Dear Mr. President:
While I am not sure to whom this letter should be ad-dressed--whether it is President Obama or President Romney--the truth is the name of the addressee is not what matters. The needs we have in this country overall, as well as the needs of the housing sector in particular, do not change with the specific occupant of the White House.
Of course, Mr. President, your own housing situation will be secure for the next four years. But the housing situation for millions of Americans will be impacted for decades to come by the policy decisions you make in the first few months of your term.
As a mortgage industry veteran working every day to help responsible borrowers purchase or refinance a home, I would offer a few suggestions on where you could focus your attention during your term.
My advice is that we should not look backwards, rehashing where we are now or how we got here. Rather, I would presume to point out, as clearly and dispassionately as possible, the work that still needs to be done and the principles that should not be compromised.
Let me underscore two priorities and two principles that will serve all of us well.
Priority 1: Determination of the federal role in the housing finance market
The future of the government-sponsored enterprises (GSEs)--Fannie Mae and Freddie Mac--must be determined and, if they are to be closed, the nature of their replacement must be determined without further delay.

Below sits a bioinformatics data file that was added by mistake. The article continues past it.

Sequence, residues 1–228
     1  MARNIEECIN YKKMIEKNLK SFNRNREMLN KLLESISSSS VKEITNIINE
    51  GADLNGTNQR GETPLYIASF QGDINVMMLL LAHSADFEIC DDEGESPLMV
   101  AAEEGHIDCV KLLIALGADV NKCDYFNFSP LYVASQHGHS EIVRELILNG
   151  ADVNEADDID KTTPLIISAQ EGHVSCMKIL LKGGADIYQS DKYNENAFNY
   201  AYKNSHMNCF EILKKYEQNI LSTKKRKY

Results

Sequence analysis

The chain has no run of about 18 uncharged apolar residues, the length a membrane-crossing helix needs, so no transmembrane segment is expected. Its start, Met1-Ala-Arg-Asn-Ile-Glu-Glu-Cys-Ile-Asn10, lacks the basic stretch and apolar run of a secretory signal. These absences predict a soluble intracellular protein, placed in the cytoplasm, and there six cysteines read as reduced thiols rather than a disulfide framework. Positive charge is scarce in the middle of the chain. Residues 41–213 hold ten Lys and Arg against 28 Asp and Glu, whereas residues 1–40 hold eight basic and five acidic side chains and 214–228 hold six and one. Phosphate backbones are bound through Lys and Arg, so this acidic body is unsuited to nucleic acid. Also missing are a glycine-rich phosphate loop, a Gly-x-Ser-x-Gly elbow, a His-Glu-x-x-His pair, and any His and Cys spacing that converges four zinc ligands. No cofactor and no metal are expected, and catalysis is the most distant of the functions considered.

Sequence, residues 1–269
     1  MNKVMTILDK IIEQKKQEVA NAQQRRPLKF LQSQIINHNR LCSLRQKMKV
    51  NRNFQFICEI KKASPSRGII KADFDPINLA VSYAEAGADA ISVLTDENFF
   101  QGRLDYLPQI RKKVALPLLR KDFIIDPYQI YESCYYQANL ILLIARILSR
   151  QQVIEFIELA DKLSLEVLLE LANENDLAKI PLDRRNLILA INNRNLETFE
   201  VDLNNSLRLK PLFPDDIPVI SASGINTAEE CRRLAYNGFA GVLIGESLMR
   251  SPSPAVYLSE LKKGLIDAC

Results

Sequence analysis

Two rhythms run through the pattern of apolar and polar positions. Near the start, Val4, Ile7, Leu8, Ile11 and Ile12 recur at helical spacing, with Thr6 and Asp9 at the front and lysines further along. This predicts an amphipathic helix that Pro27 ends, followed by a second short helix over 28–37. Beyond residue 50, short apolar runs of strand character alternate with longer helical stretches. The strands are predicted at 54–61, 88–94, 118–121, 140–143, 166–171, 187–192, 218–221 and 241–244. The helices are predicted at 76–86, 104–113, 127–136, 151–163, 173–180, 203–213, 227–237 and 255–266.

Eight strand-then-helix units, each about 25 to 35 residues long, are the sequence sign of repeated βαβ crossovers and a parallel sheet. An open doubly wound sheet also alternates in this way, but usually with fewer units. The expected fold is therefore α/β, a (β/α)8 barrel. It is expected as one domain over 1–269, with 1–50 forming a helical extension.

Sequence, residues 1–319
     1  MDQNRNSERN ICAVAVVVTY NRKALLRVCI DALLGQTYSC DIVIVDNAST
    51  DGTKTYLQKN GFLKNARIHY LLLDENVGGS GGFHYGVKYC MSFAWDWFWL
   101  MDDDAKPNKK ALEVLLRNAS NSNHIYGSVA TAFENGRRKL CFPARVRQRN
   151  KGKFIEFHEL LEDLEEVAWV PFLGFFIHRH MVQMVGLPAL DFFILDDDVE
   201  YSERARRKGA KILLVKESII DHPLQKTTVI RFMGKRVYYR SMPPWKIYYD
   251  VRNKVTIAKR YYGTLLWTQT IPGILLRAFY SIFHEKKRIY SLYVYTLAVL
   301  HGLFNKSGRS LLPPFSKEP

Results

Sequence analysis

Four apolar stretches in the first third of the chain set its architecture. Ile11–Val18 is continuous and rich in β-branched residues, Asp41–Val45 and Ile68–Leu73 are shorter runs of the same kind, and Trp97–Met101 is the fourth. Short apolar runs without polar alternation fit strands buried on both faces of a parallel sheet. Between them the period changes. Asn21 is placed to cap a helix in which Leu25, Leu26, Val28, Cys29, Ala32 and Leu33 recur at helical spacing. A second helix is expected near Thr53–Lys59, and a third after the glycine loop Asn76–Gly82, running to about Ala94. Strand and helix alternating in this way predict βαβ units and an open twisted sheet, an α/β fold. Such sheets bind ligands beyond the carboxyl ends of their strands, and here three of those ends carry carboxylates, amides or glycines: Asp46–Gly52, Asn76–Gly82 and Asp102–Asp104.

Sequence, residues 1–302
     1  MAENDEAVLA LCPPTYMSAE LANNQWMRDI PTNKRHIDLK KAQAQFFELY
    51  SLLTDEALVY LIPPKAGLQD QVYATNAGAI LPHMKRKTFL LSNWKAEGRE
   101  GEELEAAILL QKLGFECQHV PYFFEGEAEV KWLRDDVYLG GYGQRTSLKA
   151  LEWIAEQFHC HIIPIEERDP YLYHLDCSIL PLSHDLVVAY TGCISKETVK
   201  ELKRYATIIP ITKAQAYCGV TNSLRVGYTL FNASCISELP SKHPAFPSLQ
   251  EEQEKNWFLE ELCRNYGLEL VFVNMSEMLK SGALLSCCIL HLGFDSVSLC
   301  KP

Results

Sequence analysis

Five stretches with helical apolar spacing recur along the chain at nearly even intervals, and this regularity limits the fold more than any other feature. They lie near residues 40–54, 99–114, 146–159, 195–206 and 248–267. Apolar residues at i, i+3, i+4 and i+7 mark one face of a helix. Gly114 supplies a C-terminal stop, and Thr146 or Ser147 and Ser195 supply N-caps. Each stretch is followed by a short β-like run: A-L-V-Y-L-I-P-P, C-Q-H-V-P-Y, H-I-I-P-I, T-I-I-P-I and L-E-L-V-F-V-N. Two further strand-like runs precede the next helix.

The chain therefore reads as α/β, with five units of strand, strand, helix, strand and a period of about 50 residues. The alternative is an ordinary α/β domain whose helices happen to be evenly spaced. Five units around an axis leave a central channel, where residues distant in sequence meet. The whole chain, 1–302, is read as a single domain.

Currently, with Fannie and Freddie in conservatorship and steps being taken to accelerate their wind-downs, the market is left unsure as to the federal government's commitment to being the primary facilitator of the secondary mortgage market.
Beyond the facilitation role (packaging and sale of mortgage-backed securities [MBS]) that the federal government currently plays, the access role that the federal government plays, through its guarantee of the underlying mortgages in the investment instruments, must be addressed without delay. While other federal housing programs beyond Fannie and Freddie, including those of Ginnie Mae and the Federal Home Loan Banks, will continue to operate and provide implicit guarantees, their scope and role in the system is limited.
The existence of a U.S. government guarantee for certain mortgages substantially reduces the risks to investors, lowers the interest rates borrowers pay and increases access to homeownership. Yes, it is true that this guarantee...